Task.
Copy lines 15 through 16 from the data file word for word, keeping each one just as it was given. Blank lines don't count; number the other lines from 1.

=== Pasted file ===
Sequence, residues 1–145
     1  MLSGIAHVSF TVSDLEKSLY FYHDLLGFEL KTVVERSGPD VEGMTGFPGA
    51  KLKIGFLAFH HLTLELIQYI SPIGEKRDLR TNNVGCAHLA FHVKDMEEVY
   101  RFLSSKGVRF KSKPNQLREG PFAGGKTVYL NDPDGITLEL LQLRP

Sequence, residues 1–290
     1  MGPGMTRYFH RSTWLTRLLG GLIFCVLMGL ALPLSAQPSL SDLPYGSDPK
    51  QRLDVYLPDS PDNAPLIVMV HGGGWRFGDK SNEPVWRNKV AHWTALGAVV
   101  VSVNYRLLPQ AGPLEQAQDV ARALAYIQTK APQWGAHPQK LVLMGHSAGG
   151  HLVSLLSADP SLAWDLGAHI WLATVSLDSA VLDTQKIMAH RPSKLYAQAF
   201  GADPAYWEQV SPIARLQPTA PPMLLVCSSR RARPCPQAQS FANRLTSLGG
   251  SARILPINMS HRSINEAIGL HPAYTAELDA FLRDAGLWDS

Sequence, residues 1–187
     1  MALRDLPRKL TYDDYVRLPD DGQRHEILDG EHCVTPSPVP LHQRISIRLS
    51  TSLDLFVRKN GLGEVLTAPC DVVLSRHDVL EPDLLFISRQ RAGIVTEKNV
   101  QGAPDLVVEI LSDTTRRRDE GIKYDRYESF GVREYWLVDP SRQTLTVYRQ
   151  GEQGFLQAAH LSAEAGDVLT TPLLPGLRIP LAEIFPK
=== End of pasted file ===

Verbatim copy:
   101  QGAPDLVVEI LSDTTRRRDE GIKYDRYESF GVREYWLVDP SRQTLTVYRQ
   151  GEQGFLQAAH LSAEAGDVLT TPLLPGLRIP LAEIFPK